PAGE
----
We've succeeded in getting out an about again this weekend, this time to Mt. Takao. Of all the adjustments we've experienced as a family, the biggest challenge has been the transition to city life. And we didn't just move to any city. We moved to the world's largest city, if you count Yokohama as an extension of Tokyo, which is easy to do.
So we're learning how to incorporate nature into the rhythm of our weeks, to seek it out. Last weekend, it was the respite of camping on a mostly-empty beach. This weekend, it was 1 1/2 hours each way on a train to climb our first mountain.
Well, climb it halfway up, anyway. We had an initiation into Japanese outdoor life when we arrived at the base of the mountain and found the cable car and chairlift ticket stations. We chose the open air, of course, and rode up several hundred feet to climb the rest of the way on foot. We joined throngs of nature seekers amid the souvenir stands, snack stands, noodle shops, and temple prayer shrines.
We even had a chance to to wash our coins in the glow of this beautiful statue.
Upon reaching the summit and having our green tea soft-serve ice cream cones, Isaiah was lured to a quiet corner by the sounds of a harmonica. We arrived to a group of hikers who had obviously been enjoying much of the afternoon imbibing and playing their harmonicas in the shade of a pavilion. When they saw us, they started a stomping rendition of "Oh, Susannah," to which I joined my voice, much to the children's chagrin.
A word here about this chagrin. Already...already!...they tell me often that I'm embarrassing them. For example...as you would suspect, dance parties are a frequent occurrence in our kitchen and living room. The other day, Miel and I started to rock out and then she sat down and said she couldn't dance if I was dancing, that my moves were embarrassing her. Now, of course I didn't let that stop me, but still...really???
So you can imagine how they felt when I started singing with these old harmonica players. And then when I walked up and offered the musicians some chocolate-covered almonds, I turned around and both children were covering their faces with their hands, they were so mortified.
Hee-hee, the last laugh was on the kiddos, though, because apparently the chocolate treat sealed the friendship. The self-proclaimed sensei of the group proceeded to round us all up in a rough circle to do a dance around the picnic grounds. It took many minutes of arranging and figuring and explaining to their group what moves we were to do, but in the end, we stomped, chanted, and walked in a circle like Egyptians, much to the entertainment of picnicking couples and families around us. We even had some hikers on the trail down to the bottom of the hill recognize us with a giggle and give us the hand to the head dance sign.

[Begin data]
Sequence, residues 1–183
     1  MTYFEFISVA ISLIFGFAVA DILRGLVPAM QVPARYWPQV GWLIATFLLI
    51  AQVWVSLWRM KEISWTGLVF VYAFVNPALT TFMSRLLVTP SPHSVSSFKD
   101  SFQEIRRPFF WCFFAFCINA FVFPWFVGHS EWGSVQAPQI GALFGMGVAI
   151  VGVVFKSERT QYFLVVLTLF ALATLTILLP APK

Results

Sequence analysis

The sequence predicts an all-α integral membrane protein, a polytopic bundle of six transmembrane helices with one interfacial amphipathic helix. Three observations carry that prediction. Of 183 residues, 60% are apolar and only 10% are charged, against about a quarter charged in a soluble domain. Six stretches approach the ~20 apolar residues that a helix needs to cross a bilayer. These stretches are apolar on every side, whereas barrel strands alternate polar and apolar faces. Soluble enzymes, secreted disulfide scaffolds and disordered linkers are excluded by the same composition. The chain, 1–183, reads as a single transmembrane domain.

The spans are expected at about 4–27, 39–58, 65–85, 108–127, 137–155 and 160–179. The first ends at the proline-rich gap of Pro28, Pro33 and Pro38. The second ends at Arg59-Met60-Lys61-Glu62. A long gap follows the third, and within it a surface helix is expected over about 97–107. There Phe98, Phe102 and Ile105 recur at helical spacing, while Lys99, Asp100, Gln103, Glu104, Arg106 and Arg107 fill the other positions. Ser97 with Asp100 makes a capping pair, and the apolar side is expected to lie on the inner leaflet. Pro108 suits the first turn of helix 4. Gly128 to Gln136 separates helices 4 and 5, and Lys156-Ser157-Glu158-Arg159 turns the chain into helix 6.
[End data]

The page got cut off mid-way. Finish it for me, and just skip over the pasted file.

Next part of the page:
I had so many deeply felt responses to the last post that have had me thinking more on this idea of "home" and "global citizen." As parents, we are always making decisions on what and how to teach our children. In our house, it seems as though we both trust our intelligence enough that we don't worry so much about book smarts...the children seem to be learning to read and do math through time together and osmosis.
A day like yesterday brings to the forefront some of the Important Life Lessons that I take it as my responsibility to model and imbue:
- Follow the music.
- Share chocolate.
- Sing along when you know the words.
- Dance when you're invited (and like no one is watching).
- Have some of what they're having.
I'd love to hear some of your golden rules! Together, we can nurture the next generation of world peace. (If you're reading this off facebook, would you mind terribly using the blog comment section? Then we have them all in one place, which makes your virgo blogger feel so much more settled :)
And we did ditch the chairlift for the far side of the mountain and had a spectacular hike down. We felt like we were in Fern Canyon in Humboldt County, which is a very nice place indeed! Few people, some waterfalls, and some cave shrines.
So I guess we've got another 2 to add to the list:
- Take the long way home.
- Take the road less traveled.